And so one of the things we did is we said, look, at the outset, you may not know if the asset was impacted by an insider or an outsider. You may not know whether it was malicious or accidental, so we wanted to provide a lot of flexibility around the investigation costs coverage. So for example, if you believe an employee did something, they're still at the company, you're trying to delicately figure out what was going on, you may want to hire outside counsel to lead that investigation.
As part of the investigation cost coverage, they would need to select someone off the panel, but we're right now developing that panel and we're asking for input from clients so that we can have both law firms and other experts such as computer forensics folks that they would feel comfortable using. So for that, they would select someone off the panel.
Now once it's been determined-- for example, you mentioned the malicious insider. Once it's been determined that yes, it was a malicious insider, maybe a former employee who's gone to a competitor, and now you want to pursue legal action against that former employee, and that competitor that they've gone to, you can select your own counsel subject to approval from the insurer.
And this is not a duty to defend. If the approval is given to pursue that legal action, then it's in the hands of the insured to run that litigation. And then like you said, for the accidental insider event, it does work a bit like a BI claim, but again, talking to folks, you've heard lots of horror stories about how long and adversarial a BI claim adjustment can be and so we didn't want that same experience. We wanted to make it as streamlined and as quick as possible.
So one of the things that we did is it's not really a parametric approach, I'd say it's parametric light in that once it's determined, through the investigation, stage that a scheduled asset has been impacted by an accidental insider event, there's some type of financial loss, whether it was an asset under development and so now they've got to re-incur R&D costs or whether it's lost income.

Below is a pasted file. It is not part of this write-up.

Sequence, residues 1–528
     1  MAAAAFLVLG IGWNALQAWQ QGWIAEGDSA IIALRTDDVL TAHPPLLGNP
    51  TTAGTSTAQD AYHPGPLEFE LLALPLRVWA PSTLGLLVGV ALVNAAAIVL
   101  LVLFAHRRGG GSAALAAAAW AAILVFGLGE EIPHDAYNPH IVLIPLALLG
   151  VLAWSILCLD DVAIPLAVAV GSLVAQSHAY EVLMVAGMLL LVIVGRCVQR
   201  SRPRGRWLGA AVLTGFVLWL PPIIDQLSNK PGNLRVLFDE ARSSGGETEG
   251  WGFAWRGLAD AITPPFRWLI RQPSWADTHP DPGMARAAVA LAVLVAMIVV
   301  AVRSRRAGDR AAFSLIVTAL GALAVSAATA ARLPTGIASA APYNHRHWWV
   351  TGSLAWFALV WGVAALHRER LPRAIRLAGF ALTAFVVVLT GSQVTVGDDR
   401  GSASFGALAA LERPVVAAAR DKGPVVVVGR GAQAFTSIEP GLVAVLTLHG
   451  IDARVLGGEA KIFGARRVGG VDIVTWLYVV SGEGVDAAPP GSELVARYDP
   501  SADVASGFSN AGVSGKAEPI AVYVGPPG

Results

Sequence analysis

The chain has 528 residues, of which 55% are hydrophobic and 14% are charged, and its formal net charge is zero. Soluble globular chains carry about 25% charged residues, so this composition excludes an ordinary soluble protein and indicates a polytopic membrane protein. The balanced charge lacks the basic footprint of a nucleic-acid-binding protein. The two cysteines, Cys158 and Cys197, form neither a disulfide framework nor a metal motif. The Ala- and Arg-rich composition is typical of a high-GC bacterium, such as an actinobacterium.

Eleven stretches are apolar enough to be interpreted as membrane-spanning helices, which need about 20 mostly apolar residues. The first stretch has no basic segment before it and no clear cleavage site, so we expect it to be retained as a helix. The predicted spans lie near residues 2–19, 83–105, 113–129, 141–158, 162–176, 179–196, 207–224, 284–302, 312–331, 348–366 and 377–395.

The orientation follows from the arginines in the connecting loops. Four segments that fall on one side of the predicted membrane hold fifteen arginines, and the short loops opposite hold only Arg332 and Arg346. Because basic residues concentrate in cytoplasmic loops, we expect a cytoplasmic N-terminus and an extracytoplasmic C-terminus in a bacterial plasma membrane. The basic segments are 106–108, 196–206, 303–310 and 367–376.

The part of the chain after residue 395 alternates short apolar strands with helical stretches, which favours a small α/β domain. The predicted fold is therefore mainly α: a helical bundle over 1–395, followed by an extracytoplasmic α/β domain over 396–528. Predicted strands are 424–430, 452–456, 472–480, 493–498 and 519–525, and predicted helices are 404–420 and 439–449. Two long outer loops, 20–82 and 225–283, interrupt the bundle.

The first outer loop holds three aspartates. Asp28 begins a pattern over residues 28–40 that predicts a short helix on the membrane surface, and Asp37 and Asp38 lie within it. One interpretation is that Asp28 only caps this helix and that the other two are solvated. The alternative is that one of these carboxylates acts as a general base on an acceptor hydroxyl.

At that point, even if you don't know exactly what the amount of your financial loss will be, you'll receive an interim claim payment of up to 10% of the per event per asset limit on the face of the policy. So that will ease that pain a little bit. And then after a final proof of loss is submitted, any additional amount owed for that lost income or redevelopment or repair costs will be paid.
TOM GRANDMASION: How about just from a market perspective? Are we the first broker to bring such a solution to the market? And then maybe talk a little bit about the support that we're getting from carriers. Is this multiple carriers that are providing the solution with us, or is it one carrier?
KIM Cauthorn: Yeah. So we are the only broker offering this type of a coverage. As I said before, it's a bit unique in that we developed the policy wording and the underwriting model, and then we went to insurers to see if they were interested in supporting it. And as I mentioned earlier, we had interest from a number of insurers, but really given the unique and new nature of the offering, we decided to launch the product with a panel of Lloyd's syndicates.
Lloyd's is really working hard to, frankly, catch up in this space because the insurance industry as a whole knows that it's behind in offering products that protect intangible assets. It was actually an interesting process, because it's such a new and different product that each of the syndicates had to go through their own new product approval process.
So it was quite a due diligence process but they're very excited to support it. And while there are some overlap, so for example, you can buy an IP pursuit or forcement policy where you can pursue a trade secret misappropriation claim against someone, but it's very narrow, it's very narrowly defined. It's litigation costs only.
You can only bring a trade secret misappropriation claim. This can't be theft of company property. It can't be damage to company property. It can't be breach of contract. This does a lot more than that does. But that's really-- the only other potential overlap is with cyber policies where you might have the same event that impacts not only sort of the traditional personally identifiable information of customers, but also the insured's own intangible assets, and we have provisions in the policy to address that.
But otherwise, yes, this is quite new and different and we're very excited about it.
TOM GRANDMASION: That's very exciting. As you look out over the next 5 to 10 years from a macro risk perspective, I guess in North America or more broadly, globally, what should some of our listeners be thinking about in terms of potential emerging risk factors as they contemplate their own intangible asset risk and be preparing for potentially exploring this type of solution?
KIM Cauthorn: Well, of course, one of the big trends that folks are talking about these days is artificial intelligence or AI. We don't really even know how all that's going to play out. Interestingly, that's one of the assets that we can insure now. If we have a client that has some type of artificial intelligence offering, we can certainly insure it.